This Man’s Shoes
Click bait fashion articles make Dr. Kwame M. Brown gaze at his shoes.
We have all seen the typical click bait, often judgmental, articles about how to “look better” and “dress for success” in magazines and on social media. I have also heard phrases like “you can tell a lot about a man by his shoes”. It is that last statement that was running through my mind as I looked down at my worn, dilapidated shoes this Sunday morning at a campus event. I want to offer a different perspective.
Before I go further, let me tell you that I am actually a closet fashion bug. My wife used to work in fashion, and I really love the design of clothing. I watch Project Runway and marvel at the gifts the designers have. So this is not coming from someone who has no appreciation of design. This is coming from someone who appreciates life more.
Shoes tell you a lot about a man…
What does the wrinkled, scuffed leather on my black shoes in this picture tell you? What of my life and character can you glean?
Can you tell that I am not “successful”?
Well, that depends on how you define “success”. I live my life as a change agent, and as a truth seeker. I have been quite successful at changing hearts, minds and bodies in my career as a teacher, coach, entrepreneur and administrator. I have not been as successful at commanding a six figure salary. I apologize.
I am a college professor at a small historically black university (HBCU). I do not make much money. Could I theoretically buy a new pair of shoes? Yes, but that would require me giving up something more important this month – like maybe a night out with my beautiful, loving, creative, hardworking wife.
Can you tell that my shoes in this picture are pointed toward the next thing I’m doing to make the world a better place?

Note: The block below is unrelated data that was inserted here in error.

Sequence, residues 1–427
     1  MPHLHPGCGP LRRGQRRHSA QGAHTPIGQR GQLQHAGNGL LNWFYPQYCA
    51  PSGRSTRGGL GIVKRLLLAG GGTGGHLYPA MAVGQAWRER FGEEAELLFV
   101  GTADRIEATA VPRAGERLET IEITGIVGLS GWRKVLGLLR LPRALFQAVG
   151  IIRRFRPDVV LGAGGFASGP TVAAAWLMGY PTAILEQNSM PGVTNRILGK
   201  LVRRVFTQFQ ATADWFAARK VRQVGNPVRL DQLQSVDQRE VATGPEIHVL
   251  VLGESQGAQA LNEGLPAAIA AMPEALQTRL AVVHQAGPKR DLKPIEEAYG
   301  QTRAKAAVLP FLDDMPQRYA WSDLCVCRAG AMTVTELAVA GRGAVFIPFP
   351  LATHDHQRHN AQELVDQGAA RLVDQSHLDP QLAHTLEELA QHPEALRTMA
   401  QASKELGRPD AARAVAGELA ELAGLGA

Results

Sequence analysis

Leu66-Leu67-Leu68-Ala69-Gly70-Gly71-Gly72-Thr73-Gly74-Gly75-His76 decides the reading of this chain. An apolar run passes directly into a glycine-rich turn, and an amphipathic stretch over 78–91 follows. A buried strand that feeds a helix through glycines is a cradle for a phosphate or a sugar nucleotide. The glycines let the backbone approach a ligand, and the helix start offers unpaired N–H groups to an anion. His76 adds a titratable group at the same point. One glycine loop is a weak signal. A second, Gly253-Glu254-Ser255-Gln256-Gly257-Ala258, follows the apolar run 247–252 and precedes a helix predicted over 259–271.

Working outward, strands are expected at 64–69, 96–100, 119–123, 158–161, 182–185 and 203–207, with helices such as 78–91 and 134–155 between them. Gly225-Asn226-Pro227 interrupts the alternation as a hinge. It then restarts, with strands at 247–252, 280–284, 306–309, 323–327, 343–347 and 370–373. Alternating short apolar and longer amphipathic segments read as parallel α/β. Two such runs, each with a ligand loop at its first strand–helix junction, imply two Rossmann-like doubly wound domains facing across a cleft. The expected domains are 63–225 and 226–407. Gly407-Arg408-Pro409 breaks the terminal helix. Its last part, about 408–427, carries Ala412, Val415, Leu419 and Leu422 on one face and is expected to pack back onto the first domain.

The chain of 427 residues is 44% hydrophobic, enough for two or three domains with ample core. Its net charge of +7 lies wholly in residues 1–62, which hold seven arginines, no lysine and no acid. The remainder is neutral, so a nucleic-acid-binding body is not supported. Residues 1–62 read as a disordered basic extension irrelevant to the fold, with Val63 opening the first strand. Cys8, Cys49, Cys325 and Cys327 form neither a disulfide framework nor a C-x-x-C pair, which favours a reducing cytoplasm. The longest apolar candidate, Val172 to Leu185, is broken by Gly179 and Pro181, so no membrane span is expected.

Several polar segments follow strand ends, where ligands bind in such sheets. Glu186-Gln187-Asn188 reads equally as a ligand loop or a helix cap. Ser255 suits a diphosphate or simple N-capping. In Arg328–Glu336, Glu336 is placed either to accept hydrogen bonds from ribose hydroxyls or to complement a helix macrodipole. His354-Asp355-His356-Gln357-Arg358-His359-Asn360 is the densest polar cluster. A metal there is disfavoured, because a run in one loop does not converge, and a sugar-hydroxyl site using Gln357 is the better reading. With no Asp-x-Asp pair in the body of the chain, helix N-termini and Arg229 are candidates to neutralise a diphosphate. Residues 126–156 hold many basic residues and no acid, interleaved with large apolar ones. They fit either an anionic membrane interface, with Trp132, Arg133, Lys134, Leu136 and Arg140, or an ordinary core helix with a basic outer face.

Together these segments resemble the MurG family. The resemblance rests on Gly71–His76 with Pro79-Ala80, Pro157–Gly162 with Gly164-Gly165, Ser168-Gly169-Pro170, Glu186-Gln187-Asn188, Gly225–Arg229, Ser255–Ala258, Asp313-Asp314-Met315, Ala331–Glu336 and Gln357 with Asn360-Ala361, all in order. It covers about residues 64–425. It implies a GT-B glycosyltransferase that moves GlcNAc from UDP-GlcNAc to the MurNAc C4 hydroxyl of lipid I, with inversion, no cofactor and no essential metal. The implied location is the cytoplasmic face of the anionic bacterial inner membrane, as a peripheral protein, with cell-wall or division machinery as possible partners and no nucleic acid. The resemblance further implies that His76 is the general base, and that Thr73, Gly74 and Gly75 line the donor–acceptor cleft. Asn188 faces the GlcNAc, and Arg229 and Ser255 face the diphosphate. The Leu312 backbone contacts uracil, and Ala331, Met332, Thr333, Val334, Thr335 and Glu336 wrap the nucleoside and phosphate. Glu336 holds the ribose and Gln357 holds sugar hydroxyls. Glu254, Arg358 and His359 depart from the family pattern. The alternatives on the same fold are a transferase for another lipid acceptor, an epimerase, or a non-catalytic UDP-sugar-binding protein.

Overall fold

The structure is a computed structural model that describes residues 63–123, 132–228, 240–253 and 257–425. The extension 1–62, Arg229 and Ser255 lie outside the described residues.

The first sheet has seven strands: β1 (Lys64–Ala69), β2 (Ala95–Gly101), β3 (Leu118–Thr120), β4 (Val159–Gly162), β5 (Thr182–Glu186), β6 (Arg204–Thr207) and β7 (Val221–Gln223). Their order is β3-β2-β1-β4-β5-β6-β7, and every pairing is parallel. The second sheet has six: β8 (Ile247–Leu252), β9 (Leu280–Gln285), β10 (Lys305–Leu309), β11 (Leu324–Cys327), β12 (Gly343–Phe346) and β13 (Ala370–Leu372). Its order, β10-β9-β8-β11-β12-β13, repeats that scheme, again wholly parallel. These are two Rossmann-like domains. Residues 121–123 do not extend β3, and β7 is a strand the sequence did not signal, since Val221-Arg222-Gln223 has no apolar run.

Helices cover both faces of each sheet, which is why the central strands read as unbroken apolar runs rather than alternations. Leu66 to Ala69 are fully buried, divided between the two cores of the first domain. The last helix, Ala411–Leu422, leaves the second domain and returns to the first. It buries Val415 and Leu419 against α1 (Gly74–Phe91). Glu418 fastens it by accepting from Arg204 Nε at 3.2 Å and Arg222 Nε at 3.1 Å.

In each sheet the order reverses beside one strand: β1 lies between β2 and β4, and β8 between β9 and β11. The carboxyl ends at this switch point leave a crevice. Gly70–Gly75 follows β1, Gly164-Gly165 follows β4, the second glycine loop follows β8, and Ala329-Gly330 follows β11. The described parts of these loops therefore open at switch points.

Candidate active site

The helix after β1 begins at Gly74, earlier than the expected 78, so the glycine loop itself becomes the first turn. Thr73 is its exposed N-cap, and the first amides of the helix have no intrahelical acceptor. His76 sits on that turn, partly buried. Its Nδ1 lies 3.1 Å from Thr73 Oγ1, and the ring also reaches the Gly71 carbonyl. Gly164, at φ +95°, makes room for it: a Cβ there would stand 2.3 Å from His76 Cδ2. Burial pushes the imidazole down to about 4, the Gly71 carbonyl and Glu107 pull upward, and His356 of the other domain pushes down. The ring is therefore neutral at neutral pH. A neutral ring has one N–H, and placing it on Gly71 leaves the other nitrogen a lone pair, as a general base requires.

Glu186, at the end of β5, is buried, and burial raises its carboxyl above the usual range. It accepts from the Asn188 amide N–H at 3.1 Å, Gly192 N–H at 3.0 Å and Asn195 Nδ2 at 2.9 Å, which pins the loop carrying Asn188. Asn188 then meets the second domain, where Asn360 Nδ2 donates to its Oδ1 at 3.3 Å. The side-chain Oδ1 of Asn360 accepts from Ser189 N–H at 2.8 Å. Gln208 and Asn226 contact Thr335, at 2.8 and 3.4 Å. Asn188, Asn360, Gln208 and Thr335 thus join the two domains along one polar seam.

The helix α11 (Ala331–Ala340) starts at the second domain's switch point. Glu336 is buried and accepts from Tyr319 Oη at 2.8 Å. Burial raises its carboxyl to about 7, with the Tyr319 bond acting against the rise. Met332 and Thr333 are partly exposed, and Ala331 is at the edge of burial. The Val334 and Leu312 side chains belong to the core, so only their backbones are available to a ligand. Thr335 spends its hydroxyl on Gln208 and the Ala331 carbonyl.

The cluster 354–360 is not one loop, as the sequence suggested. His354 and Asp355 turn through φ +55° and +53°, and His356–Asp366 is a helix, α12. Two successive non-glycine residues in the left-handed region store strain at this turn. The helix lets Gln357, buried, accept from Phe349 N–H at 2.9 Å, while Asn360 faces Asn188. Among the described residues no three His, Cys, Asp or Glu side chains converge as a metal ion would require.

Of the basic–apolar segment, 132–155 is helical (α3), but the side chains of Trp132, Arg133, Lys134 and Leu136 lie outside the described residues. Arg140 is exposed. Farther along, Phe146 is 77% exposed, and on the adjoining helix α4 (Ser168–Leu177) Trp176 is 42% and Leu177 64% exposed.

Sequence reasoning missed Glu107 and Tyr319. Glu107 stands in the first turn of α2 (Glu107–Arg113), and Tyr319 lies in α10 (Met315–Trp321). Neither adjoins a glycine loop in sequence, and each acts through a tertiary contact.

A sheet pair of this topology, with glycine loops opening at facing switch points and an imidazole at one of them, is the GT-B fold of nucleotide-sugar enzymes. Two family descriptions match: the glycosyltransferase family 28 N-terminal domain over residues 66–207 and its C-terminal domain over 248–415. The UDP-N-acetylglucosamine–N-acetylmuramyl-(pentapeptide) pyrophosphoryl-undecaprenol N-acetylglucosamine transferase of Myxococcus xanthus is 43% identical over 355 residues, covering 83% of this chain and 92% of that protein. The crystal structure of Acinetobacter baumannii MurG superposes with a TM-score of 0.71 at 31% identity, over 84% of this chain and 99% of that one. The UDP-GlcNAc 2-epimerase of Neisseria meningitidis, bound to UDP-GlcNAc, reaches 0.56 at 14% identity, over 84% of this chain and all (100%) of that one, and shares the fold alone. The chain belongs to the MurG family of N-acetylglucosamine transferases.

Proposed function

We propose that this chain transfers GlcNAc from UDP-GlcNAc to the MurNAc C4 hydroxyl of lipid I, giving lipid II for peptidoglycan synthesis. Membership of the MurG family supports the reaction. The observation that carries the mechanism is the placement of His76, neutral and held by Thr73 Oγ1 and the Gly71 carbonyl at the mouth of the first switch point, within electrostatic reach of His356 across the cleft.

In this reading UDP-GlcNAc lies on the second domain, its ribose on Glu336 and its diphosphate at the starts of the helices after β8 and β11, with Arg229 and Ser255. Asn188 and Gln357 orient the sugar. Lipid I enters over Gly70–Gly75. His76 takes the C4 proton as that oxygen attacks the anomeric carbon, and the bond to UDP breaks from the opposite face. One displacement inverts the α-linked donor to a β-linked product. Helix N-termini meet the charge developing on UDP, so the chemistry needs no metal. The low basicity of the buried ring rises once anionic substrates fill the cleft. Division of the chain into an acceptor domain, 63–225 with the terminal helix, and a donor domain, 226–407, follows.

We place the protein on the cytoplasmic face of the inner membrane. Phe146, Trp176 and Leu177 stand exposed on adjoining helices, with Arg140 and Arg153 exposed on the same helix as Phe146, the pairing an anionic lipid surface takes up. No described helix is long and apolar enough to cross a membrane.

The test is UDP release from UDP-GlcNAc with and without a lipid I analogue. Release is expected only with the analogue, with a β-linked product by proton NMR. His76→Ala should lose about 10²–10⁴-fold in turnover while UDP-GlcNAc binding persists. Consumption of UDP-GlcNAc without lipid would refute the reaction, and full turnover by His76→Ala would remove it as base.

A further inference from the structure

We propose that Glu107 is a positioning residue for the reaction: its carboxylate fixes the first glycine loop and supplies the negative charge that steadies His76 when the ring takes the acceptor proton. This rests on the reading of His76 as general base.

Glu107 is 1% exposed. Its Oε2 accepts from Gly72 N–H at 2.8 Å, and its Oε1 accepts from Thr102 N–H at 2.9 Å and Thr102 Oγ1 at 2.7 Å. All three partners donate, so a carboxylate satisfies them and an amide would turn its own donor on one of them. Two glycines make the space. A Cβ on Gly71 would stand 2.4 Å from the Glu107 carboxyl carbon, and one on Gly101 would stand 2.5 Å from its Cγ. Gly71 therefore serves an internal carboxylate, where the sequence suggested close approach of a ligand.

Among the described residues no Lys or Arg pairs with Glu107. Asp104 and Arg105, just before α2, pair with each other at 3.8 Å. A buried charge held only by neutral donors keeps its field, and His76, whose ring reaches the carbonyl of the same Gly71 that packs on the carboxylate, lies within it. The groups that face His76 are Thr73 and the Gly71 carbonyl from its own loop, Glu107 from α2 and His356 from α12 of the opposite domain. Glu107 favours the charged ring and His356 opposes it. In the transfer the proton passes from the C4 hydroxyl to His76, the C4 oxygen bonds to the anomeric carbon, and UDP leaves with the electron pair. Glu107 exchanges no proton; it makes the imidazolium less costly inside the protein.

I am a man of action and purpose. If I could also be a man of high fashion, maybe I would be. But even if I had a ton of money, shopping in the mall is not really where I would like to spend my time. I like to pick out nice clothes. But I also tend to wear them until they have holes – because I don’t want to go back to the store. As the meme says: “Ain’t nobody got time for that”. I use my shoes to protect my feet from rocks and glass as I make my way to the next task. When I buy them, I buy what I think looks nice without breaking the bank. You will see me wearing these current shoes until they make my feet hurt or fall apart. You will also find me barefoot moving around in my office as I write grants, exams, and articles.
Can you tell I care more about making a difference in the world than your approval of my fashion sense or categorization of my socioeconomic status?
This kind of conversation about what I should be doing to “look better”, and making judgments about a whole person just from looking at the shoes they have on at present makes me grateful to have found someone that loves me for who I am. I shudder at the thought of being completely rejected because of my shoes. I shudder at what that means for our society. I shudder at the thought that picking the right tie out means that NOW you think I know something about child development, or neuroscience, or can help solve problems.
If you can tell all of that by looking at these 15 year old shoes that I wear every day, then you’re right. You can tell a lot about this man by his shoes.
We care far too much about financial wealth and the appearance of such, and not enough about true riches like community, joy, playfulness, and helping others. This man and his shoes are taking a stand. Will you walk with me, or stand on the side to figure out if you like my shoes enough to value me as a person? Stop looking at my shoes and look into my eyes. I’ll give you a smile and a hello. Then I will keep it moving in my 15 year old shoes and 11 year old Chevy Impala.
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